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Since I do not have political hair on my chest, and I do not wish to have them, I am never very keen on the so-called big stories and tend to read the briefs which do not make any sense to political analysts.

My job, though, dictates that I read them, but if I had a choice, I could have ignored them altogether because the more Kenya's politics change, the more they remain the same — and Kenya's big stories are just about politics.

Thus, I read the briefs, the stories that say so a lot about the Kenyan society, and give an insight in to the collective mindset of a nation which is at war with itself, yet keeps on blaming foreigners.

Whenever I start reading those briefs, and I encounter a sentence with the word "killed" my mind races to a forum I once attended and where some non-Kenyans gave an indictment of the Kenyan society.

One of the gentlemen acknowledged that when it comes to online wars, Kenya wins hands down since Kenyans have taken on almost every (African) country that crossed their path on new media platforms, and beaten black and blue with words.

These are a people who are winning wars with their fingers — going atwitter on all media platforms till the adversary throws in the towel and issues an apology and/or withdraws the statement that so much offended Kenyans.

He was quick to point out that once, a certain enemy beat Kenya in this so-called online war.

During the Westgate Mall attack, AlShabaab started thumping its chest online and Kenyans started hitting back in their characteristic style.

Unfortunately, the terrorists were not backing down, and Kenyans had to appeal to Twitter Inc to close down the account — only for Alshabaab to open another one and start taunting Kenyans.

Every time an account was closed, another one would come up and start taunting the hurting Kenyans who did not know whether mattresses were exploding or their gallant soldiers were shooting in the air to celebrate their victory over safes and such like contraptions that hinder their progress when they want to rescue cash and other valuables.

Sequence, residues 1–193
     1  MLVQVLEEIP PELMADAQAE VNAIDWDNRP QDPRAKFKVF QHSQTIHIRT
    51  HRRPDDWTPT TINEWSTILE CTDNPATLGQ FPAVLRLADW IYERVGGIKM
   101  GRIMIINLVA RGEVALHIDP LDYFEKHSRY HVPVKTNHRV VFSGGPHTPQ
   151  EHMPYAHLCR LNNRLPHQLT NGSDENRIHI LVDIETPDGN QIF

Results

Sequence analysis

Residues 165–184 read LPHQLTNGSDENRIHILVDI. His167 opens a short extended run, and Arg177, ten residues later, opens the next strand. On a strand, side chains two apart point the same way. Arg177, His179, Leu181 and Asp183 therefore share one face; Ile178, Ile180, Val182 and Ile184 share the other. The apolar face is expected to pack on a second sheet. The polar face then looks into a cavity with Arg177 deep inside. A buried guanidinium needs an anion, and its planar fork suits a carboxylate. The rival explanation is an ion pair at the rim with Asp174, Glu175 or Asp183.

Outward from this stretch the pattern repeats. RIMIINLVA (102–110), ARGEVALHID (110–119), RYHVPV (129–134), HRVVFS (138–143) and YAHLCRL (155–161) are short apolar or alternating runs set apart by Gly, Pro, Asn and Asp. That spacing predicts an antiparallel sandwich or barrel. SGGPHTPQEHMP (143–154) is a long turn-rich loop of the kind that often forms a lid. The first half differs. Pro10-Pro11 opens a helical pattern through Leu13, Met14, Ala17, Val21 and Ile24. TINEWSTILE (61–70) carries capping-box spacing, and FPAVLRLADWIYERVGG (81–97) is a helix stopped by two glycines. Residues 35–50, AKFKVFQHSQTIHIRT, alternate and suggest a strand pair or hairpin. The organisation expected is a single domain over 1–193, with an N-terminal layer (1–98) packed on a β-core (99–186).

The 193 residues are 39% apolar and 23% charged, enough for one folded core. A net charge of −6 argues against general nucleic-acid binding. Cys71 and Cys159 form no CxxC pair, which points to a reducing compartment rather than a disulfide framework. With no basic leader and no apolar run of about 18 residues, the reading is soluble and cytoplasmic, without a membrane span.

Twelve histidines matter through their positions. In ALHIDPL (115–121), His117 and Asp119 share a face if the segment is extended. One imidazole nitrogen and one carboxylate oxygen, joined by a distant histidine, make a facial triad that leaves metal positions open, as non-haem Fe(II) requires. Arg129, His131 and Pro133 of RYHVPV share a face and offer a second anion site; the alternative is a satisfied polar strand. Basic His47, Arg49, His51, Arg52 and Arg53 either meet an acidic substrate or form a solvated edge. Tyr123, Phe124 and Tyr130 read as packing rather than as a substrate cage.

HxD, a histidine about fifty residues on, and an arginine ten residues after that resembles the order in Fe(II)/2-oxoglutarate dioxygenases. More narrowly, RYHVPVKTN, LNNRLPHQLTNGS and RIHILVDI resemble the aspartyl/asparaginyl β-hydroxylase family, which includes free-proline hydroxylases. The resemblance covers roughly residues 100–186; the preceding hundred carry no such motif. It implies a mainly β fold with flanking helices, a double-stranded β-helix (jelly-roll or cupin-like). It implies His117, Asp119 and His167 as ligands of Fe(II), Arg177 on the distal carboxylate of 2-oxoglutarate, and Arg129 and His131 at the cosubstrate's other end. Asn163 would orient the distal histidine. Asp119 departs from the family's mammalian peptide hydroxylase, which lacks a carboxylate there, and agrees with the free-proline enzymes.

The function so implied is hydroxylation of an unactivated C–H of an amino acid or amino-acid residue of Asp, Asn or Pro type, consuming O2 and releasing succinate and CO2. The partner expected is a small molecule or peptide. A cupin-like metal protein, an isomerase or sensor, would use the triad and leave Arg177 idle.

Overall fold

And so, the gentleman concluded that Kenyans needed such "strong" enemies who can put them in their place, and show them that the world does not revolve around them as they tend to think.

The most interesting observation the gentleman — who is a respected African because of his insightful, incisive, well-researched and informative articles — made is that Kenyans tend to dismiss others because internally, they have no respect for one another.

"Kenyans have not seen strife and they do not know what suffering is. They have not been traumatised enough and that is why they have little regard for each other," he said.

Of course Kenyans in the room were silent, and they did not know where this gentleman was going with narration.
But his most chilling verdict was yet to come: "Kenyans need to kill each other some more and more openly like they did in 2007/ 2008 then they will learn to respect each other because currently, they are engaged in a silent war against each other."
What? These foreigners were not done.

The gentleman who spoke after him also echoed similar sentiments, starting with the Mau Mau fighters and running through to the gangs who attacked others during the 2007/ 2008 flare up, and concluded that unity has eluded Kenya as a country, and Kenyans as a people and they are constantly at war even as they keep on saying they are a peaceful people...